DOCUMENT RESUME 00o85 - rA1051825] (The Federal Wind Energy Program]. B-178205; 29, 1977. 6 pp. EMD-77-33. March Report to Robert W. Fri, Acting Administratcr, and Dewalopment Administration; by Monte Energy Research Canfield, Jr., Director, Energy and Minerals Div. Contact: Energy and Minerals Div. Budget Function: Natural Resources, Environment, and Energy: Energy (305). Organization Concerned: Department of Agriculture; Aeronautics and Space Administration; National National Foundation. Science Congressional Relevance: House Committee on Science and Technology; Senate Committee on Energy and Natural Resources. Under the direction of the Energy Research Development Administration (ERDA), the National and Space Administration is responsible for aeronautics and developing, testing, and evaluating large wind energy systems, and Agriculture is responsible for identifying,the Department of testing applications in rural and remote developing, and specifically designated for small, medium, areas. Of the funds from July 1974 through Septeqber 1976, sore and large systems than 82% had been spent on large systems. ERDA's emphasis on been based on its belief that: well-defined these systems has exist for large systems but not for small and commercial markets medium-sized systems; large systems will provide cheaper and medium-sized; Federal assistance will power tLan the small be needed by industry to develop and commercialize large systems, assistance will be needed to develop an] but little Federal commercialize smaller systems; areas needing improvement are well-defined systems, but not for the stall and medium-sized; for large program to develop small and medium-sized and a Federal systems eliminate private investment. Findings/Cjnclusicns: would survey of the Wind Energy Program A GAO showed that: the decision to stress large systems was made without comparative small and medium-sized systems; and ERDA analysis of needs tc compare and evaluate the potential and advantages systematically disadvantages of wind energy systems of and program content and priorities are proper all sizes so that and that resources are effectively allocated among the different systems and between the wind program and sized wind energy ERDA's cther programs. Recommendations: ERDA should: direct the of market studies in sufficient depth to expeditious completion identify the commercial potential of small, medium, and large wind these market studies in conjunction with energy systems; using the ongcing and completed studies, make a comprehensive formal potential and the advantages and formal review of the disadvantages of wind energy systems of all sizes, and, if warranted, redirect resources within the wind Energy Program and between the wind program and non-wind programs. Provided ERDA'- comprehensive review shows tLat small and/or medium-sized systems have the potential for .apid commercial expansion, it should move quickly to develop optimum desigLs, identify constraints and impediments to commercialization and take actions to overcome thes, and, if necessary, develop Flans to demonstrate these systems. (Author/Qe) UNITED STATES GENERAL ACCOUNTING OFFICE aJ~::;·':~/ i-I WASHINGTON, D.C. 20548 ENERGY AND MINERALS LIVISION 00 B-178205 MAR 2 9 1977 B-178205 The Honorable Rcbert v. Fri Acting Administrator, Energy Research and Development Administration Dear Mr. Fri: We have surveyed the Wind Energy Program administered by the Energy Research and Development Administration (ERDA) with suppoLt from the National Science Foundation, the National Aeronautics and Space Administration, and the Department of Agriculture. Since its inception in 1973, the program's eiphasis has been on developing anc commercializing large wind energy systems. Our survey showed that: -- The decision to stress large systems was made without comparative analysis of small and medium-sized svstems. -- ERDA needs to systematically compare and evaluate the potential and the advantages and disadvantages of wind energy systems of all sizes so that program content and priorities are proper and that resources are effectively allocated among the different sized wind energy systems and between the wind program and ERDA's other programs. BACKGROUND The Federal Wind Energy Program was established to advance the technology, development, and commercialization of wind energy. The program was managed by the National Science Foundation until January 1975 when ERDA wa. created and given responsibility for program management. The Foundation continued some wind research projects and contracts until July 1975 and can still, under certain circumstances, be responsible for some basic research. Under ERDA's direc- tion, the National Aeronautics and Space Administration is EMD-77-33 B-178205 responsible for developing, testing, and evaluating large wind energy systems, and the Department of Agriculture is responsible for identifying, developing, and testing appli- cations in rural and remote areas. Annual funding for the program increased from $200,000 in fiscal year 1973 to an estimated $24.1 million in fiscal year 1977. The President's current budget request would further increase funding to $25.7 million in fiscal year 1978. Tha goal of ERDA's Wind Energy Program is to advance wind technology and accelerate the development and use of reliable and economical wind energy systems--systems that are capable of rapid commercial expansion to produce a significant portion of the Nation's future energy. PRO'GR.M STRU(LJRE CHOSEN WITHOUT ADEQUATb EVALUATION OF ALTERNATIVES Of the funds specifically designated for small, medium, and large systems from July 1974 through September 1976, more than 82 percent has been spent on large systems. ERDA's emphasis on these systems has been based on its belief that -- well-defined commercial nlarkets exist for large systems but not for smal. and medium-sized systems; -- large systems will provide cheaper power than small and medium-sized systems; -- Federal assistance will be needed by industry to develop and commercialize large systems, but little Federal assistance will be needed to develop and commercialize smaller systems; -- areas needing improvement are well defined for large systems, but not for small and meditrm- sized systems;. and --a Federal program to develop small and medium- sized systems would eliminate private investment. ERDA contractors have completed two studies to determine optimum designs and energy costs for large systems. Work has also been done to identify impediments to large system commercialization. In addition, ERDA has sponsored the design and construction of a large 100 kilowatt wind energy system near ,andusky, Ohio. This system beqan operation in 1975 and has been used to provide large system cost estimates and 2 B-178235 performance data, to test components for large systems, and to identify large system problems. ERDA has also contracted for a June 1978 completion of a 1.5 megawatt, large system prototype costing in excess of $7 million. ERDA plans to construct another 1.5 megawatt ($3.5 million) and two 200 kilowatt systems ($2 million each) by September 1978. On the other hand, ERDA has done little on small and medium-sized wind energy systems. Small system research and development received almost no support from ERDA until May 1976, when ERDA selected its Rocky Flats Laboratory to manage small system development. Initial work, however, has involved only the testing of existing designs. No agency or laboratory has yet been assigned responsibility for medium-sized systems. Also, no optimum design studies or demonstration efforts have been undertaken or planned for either small or medium-sized conventicnal systems. To maximize the effectiveness of important research and development programs, such as the Wind Energy Program, it is essential that ERDA systematically assess the potential and the advantages and disadvantages of various program mixes before allocating resources. The decision to emphasize large wind energy systems was not based on that kind of analysis. Although Wind Energy Program officials still believe this emphasis to be correct, it has not yet been confirmed by factual deta or actual studies. ERDA has contracted for a number of studies that have recently been completed or will be completed this year. These studies will provide much of the information needed to properly compare the advantages and disadvantages of the various system sizes. For example, ongoing studies are addressing such things as cost estimates for small, medium, and large wind systems; wind energy system applications; legal, environmental, and institutional impediments to wind system development in general; and the theoretical impact wind systems could have. However, ERDA has no market study ongoing or planned to determine the commercial potential for small, medium, or large systems. In commenting on our report, an ERDA official told us that it would be more proper for private companies to per- form market surveys. He said that private industry would per- form their own market surveys regardless of what ERDA does, and any ERDA market survey would not be useful to private companies. Without knowing the comnmercial market potential for small, medium, and large wind energy systems in the various 3 B-178205 regions of the country, ERDA cannoc be assured that its Wind Energy Program content and priorities are proper resources are being effectively allocated among and that the d fferent sized wind systems and between the wind program and ERDA's other programs. For example, market studies could find tha' small or medium-sized systems have greater commercial ard/ potential than lar3e systems and that wind program be redirected. Similarly, market studies rescurces should could disclose that small and/or medium-sized wind energy systems greater potential than nonwind technologies being have by ERDA and that ERDA should reallocate nonwind developed program resources to the wind program. Thus, even though ERDA's completion of commercial market surveys may not meet the individual needs of private companies, these surveys essential for effective resource allocation. are CONCLUSIONS Although the Wind Enerly Program's emphasis on large systems may be proper, it has not been supported by thorough planning studies which are needed to wisely the establish Drogram content and priorities and to allocate resources. Large systems have oeen emphasized without benefit of compara- tive analysis of the advantages and disadvantages of small, medium, and large systems. Although ERDA has completed or has ongoing studies will provide much of the informacion required to which program alternatives, it should also make market compare determine the commercial potential of the various studies to sized systems in different regions of the country. Once the market studies are completed, ERDA should comprehensive, formal review of the commercial market make a and the advantages and disadvantages of wind energy potential of all sizes, and--if warranted--redirect resources systems the Wind Energy Program and between the wind program within and non- wind programs. If the comprehensive review shows and/or medium-sized systems have the potential for that small commercial expansion, ERDA should also move quickly rapid to develop optimum designs; identify constraints and impediments commercialization and take actions to overcome them; to necessary, develop plans to demonstrate these systems.and, if actions would oe necessary to maximize the contribution Such these systems can make in meeting the Nation's future energy needs. 4 B-178205 RECOMMENDATIONS We recommend that you: -- Direct the expeditious completion of market studies in sufficient depth to identify the commercial potential of small, medium, and large wind energy systems. -- Using these market studies in conjunction with the ongoing and completed studies, make a com- prehensive, formal review of the commercial potential and the advantages and disadvantages of wind energy systems of all sizes, and--if warranted--redirect resources within the Wind Energy Program and between the wind program and nonwind programs. -- If ERDA's comprehensive review shows that small and/or medium-sized systems have the uotential for rapid commercial expansion, move quickly to develop optimum designs; identify constraints and impediments to commercialization and take actions to overcome them; and, if necessary, develop plans to demonstrate these systems. A draft of this rertrt was furnished to EPDA officials responsible for the Wir Energy Program. Their comments were considered in fir .izing this report and changes were made where appropriate. These officials generally agreed with our conclusions and recommendations. We are sending copies of this report to the Directcor, Office of Management and Budget; the Chairman, House Committee on Appropriations; the Chairmen, House Committee on Government Operations and Senate Committee on Governmental Affairs; the Chairmen, House and Senate Subcommittees on Public Works; and the Chairman, House Committee on Science and Technology. As you know, section 236 of the Legislative Reorganization Act of 1970 requires the head of a Federal agency to submit a written statement on actions taken on our recommendations to the House Committee on Government Operations and the Senate Committee on Governmental Affairs not later than 60 days after the date of the report and to the House and Senate Committees on Appropriations with the agency's first request 5 B-178205 for appropriations made more than 60 days after the date of the report. We appreciate the courtesy' and cooperation extended to our staff during the survey. Sincerely yours, Monte Canfield, Jr. Director 6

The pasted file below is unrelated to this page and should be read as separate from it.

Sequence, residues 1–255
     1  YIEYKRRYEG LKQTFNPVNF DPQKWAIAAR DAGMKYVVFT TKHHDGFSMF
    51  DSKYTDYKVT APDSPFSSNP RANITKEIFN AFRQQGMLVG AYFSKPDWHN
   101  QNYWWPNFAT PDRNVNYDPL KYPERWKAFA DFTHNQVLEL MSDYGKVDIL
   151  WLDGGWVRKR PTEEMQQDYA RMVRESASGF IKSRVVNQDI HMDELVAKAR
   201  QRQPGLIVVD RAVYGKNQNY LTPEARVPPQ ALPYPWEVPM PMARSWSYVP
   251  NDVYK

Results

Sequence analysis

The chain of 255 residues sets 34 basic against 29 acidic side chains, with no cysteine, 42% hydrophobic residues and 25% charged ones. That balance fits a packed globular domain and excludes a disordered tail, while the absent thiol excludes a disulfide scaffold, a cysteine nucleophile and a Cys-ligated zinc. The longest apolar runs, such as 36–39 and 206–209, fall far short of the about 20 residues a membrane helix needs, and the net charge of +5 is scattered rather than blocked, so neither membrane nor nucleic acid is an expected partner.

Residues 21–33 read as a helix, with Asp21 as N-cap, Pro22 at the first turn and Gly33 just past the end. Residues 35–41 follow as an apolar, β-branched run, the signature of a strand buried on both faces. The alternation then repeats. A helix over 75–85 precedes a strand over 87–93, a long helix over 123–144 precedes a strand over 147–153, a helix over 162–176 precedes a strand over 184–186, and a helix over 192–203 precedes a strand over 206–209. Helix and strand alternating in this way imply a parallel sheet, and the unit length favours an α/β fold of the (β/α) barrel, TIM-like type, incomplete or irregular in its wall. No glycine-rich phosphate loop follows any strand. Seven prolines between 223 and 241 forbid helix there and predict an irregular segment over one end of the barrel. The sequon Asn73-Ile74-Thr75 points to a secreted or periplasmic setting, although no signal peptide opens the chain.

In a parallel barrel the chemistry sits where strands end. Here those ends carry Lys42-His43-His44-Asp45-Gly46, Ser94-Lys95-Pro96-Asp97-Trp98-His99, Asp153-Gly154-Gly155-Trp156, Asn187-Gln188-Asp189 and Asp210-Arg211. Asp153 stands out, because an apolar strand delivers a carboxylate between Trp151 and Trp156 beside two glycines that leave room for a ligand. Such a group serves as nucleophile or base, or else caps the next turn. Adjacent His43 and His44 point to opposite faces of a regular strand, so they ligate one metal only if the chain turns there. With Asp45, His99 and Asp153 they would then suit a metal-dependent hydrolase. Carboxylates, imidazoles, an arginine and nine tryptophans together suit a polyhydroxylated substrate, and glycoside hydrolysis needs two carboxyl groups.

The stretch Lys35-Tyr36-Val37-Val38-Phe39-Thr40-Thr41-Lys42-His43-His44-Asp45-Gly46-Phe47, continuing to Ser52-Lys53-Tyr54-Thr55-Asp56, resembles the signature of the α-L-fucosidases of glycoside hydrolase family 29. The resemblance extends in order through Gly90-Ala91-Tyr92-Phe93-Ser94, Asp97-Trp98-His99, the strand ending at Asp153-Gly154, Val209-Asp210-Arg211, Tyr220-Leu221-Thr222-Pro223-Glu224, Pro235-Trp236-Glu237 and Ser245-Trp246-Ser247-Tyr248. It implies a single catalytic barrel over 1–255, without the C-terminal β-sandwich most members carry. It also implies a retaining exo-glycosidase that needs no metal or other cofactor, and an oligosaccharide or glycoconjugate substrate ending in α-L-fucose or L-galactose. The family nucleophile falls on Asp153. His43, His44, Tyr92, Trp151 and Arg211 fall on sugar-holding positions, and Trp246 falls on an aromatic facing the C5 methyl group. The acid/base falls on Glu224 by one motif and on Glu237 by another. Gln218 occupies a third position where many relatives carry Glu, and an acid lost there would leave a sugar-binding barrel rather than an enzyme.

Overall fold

The Federal Wind Energy Program
Published by the Government Accountability Office on 1977-03-29.
Below is a raw (and likely hideous) rendition of the original report. (PDF)